I'm proud of the fact that, as a high school and college student, I never descended to reading Cliff Notes for the various literary works I was assigned. I'm less proud of the fact that, more often than I care to admit, my solution to the "Holy crap, I can't understand this book at all" problem was to simply not read it and bluff my way through class discussion, a talent which I honed to an unfortunately high degree of effectiveness. But a lot of times, I really did read the book, even if I was hopelessly incapable of really appreciating it. (I've often wondered if forcing Shakespeare upon unwitting ninth graders is really a sound educational policy, but that's a digression for another time. Jason, this is precisely the kind of question you might consider on your blog....hint, hint....)
I understand the idea behind Cliff Notes, as an educational aid. What I didn't understand was the way students actually used them, which struck me as a tacit admission like this: "Man, there's no way I'm gonna read that book. But just the same, I'm afraid of looking like a dunce if Mrs. Wigglesby calls on me." I was always thinking, "Be honest! Bluff your way through, and if you get caught, admit you didn't read the damn thing! What's she going to do?"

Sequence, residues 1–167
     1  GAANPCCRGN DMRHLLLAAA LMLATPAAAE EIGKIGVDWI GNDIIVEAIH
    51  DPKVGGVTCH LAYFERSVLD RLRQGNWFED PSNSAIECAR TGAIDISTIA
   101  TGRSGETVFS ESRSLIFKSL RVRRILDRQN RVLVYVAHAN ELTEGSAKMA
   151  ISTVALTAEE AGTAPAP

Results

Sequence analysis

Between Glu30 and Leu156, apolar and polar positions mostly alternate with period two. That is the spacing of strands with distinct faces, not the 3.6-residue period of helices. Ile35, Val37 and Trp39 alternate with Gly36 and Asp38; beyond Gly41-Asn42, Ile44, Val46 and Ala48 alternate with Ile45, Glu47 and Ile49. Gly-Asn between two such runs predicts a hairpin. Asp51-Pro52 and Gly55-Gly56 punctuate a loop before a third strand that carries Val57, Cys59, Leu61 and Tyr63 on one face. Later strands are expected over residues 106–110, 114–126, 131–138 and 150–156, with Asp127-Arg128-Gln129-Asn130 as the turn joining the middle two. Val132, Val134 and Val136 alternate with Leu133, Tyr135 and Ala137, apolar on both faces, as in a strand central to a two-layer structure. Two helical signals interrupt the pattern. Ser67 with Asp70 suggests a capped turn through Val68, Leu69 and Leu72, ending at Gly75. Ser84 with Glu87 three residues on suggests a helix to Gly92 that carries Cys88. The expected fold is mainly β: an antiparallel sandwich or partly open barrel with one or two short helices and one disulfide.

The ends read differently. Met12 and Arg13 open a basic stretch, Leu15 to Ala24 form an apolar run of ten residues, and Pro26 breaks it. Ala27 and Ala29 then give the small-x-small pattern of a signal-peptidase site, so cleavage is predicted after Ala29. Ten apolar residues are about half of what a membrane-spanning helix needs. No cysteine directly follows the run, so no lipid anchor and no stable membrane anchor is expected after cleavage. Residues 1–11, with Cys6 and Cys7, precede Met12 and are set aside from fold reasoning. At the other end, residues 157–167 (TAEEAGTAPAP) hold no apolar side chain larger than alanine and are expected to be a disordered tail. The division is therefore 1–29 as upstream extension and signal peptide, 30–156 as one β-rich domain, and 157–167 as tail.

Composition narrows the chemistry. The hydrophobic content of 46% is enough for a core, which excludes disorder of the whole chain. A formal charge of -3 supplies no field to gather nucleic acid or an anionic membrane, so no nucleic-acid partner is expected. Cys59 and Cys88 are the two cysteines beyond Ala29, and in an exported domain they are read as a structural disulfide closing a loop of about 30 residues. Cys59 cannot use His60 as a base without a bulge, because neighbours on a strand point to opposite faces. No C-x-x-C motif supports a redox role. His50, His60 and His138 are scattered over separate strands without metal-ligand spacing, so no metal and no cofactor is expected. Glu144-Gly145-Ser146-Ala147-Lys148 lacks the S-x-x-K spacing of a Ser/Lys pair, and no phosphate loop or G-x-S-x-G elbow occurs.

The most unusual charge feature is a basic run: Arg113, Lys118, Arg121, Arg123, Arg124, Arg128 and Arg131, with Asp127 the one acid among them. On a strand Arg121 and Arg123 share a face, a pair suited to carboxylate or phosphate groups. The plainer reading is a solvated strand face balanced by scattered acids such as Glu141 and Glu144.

And yet, my ability to academically bluff somehow never translated to being able to bluff in a card game. Go figure.
Why am I rambling about this? Well, someone recently arrived here via a Google search for the Cliff Notes to a book. What book? Not Pride and Prejudice. Not Ulysses. Not even A Farewell to Arms or The Grapes of Wrath. No, someone was looking for the notes on a Stephen King book. And not The Stand or 'Salem's Lot, either. They were looking for King's On Writing: A Memoir of the Craft.
On the off chance that this person is reading this, please hear me out: On Writing is a terrific book, and it's a short one (288 pages in my hardcover edition, not a doorstop by any means). It's insightful, funny, and toward the end (when King discusses that encounter with a reckless driver that nearly killed him a few years back), downright moving. Instead of looking for the Net to do your homework for you, read the damn book. For Christ's sake.
End of complaint.